The U.S. government donated 302,750 doses of the single-shot Johnson & Johnson COVID-19 vaccine to Madagascar as part of the Administration’s global effort to fight the COVID-19 pandemic.The vaccines are part of the U.S. pledge to provide at least 25 million of 80 million doses globally to Africa. The U.S. government coordinated closely with the African Union, Africa CDC, and COVAX on the country allocations. COVAX supported delivery of these vaccine doses, which arrived in Antananarivo on July 27, 2021.
“Sharing these vaccines will not only help protect the Malagasy people from COVID-19, but also begin reducing barriers to building back the Malagasy economy,” Amy Hyatt, U.S. Chargé d’Affaires to the Republic of Madagascar and the Union of the Comoros, said.
These 302,750 doses are part of the Biden-Harris Administration’s commitment to share U.S. vaccine supply with the world. As we continue to fight the COVID-19 pandemic at home and work to end the pandemic worldwide, President Biden has promised that the United States will be an arsenal of vaccines for the world.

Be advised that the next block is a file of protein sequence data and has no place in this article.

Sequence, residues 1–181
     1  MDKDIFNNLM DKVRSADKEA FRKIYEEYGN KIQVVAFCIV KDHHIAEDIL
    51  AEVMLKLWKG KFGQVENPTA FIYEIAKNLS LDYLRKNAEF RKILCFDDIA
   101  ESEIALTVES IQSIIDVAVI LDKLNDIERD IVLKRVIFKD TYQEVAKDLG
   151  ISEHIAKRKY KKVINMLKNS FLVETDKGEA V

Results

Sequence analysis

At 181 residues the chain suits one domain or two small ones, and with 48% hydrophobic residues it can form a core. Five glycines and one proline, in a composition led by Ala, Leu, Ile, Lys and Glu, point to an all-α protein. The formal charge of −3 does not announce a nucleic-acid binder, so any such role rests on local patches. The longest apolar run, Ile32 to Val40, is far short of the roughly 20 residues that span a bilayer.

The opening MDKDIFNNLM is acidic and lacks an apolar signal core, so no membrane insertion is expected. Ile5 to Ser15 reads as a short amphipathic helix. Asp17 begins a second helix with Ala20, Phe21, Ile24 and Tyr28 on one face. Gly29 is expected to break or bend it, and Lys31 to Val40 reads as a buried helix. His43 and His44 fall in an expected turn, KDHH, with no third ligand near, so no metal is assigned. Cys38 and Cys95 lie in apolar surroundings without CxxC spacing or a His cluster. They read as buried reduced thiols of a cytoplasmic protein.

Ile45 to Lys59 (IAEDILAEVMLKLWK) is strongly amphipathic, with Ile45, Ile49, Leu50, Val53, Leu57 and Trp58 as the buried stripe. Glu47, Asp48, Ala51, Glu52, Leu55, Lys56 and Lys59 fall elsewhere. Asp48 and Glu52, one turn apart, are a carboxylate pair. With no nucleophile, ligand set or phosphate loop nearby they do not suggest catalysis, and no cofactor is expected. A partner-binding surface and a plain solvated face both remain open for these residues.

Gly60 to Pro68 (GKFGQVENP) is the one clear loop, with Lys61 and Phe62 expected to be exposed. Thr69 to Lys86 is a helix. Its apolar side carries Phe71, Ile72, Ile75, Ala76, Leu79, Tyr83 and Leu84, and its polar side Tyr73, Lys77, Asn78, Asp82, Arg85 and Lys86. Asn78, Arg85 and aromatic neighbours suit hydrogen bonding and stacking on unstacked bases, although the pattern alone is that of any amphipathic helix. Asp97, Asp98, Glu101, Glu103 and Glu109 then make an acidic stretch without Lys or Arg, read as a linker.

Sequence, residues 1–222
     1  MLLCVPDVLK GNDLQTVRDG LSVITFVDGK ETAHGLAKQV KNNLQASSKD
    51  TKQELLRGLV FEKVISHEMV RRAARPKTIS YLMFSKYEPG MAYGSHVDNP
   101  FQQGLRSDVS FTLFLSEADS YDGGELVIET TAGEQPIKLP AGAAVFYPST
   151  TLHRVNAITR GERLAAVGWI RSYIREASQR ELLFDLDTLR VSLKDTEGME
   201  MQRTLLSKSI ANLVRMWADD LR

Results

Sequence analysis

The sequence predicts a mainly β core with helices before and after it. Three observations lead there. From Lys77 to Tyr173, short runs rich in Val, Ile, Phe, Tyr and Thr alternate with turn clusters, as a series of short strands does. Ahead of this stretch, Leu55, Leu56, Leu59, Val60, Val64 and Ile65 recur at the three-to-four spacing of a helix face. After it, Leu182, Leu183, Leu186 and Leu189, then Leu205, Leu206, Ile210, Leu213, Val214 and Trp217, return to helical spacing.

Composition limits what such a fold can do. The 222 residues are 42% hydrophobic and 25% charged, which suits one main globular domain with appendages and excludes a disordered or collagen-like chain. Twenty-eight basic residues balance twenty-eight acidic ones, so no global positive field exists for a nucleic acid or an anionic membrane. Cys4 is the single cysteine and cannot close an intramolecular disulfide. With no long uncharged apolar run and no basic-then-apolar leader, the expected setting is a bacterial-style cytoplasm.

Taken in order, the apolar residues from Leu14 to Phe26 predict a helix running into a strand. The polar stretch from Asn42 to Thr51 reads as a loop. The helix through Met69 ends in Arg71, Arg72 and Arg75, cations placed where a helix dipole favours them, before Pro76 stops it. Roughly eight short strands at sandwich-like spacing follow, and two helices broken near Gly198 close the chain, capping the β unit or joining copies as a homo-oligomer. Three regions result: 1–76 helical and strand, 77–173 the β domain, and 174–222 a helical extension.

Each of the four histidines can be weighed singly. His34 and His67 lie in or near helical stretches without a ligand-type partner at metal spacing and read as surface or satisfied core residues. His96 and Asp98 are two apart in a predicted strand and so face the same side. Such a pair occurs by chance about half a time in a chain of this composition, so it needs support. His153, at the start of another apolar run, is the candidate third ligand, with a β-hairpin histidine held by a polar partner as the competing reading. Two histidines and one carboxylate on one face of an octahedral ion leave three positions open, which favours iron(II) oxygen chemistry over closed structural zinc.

“From the beginning of my presidency, we have been clear-eyed that we need to attack this virus globally as well. This is about our responsibility — our humanitarian obligation to save as many lives as we can — and our responsibility to our values. We’re going to help lead the world out of this pandemic, working alongside our global partners,” President Biden said.
Throughout the pandemic, the United States has worked closely with the Government of Madagascar to protect public health and strengthen the response to COVID-19. The United States has provided $2.5 million in emergency funding to support the Government of Madagascar’s COVID-19 response, supported the delivery and rollout of vaccines, and contributed $5 million to the Tosika Fameno cash transfer program to ensure vulnerable families in the most affected cities had enough to eat.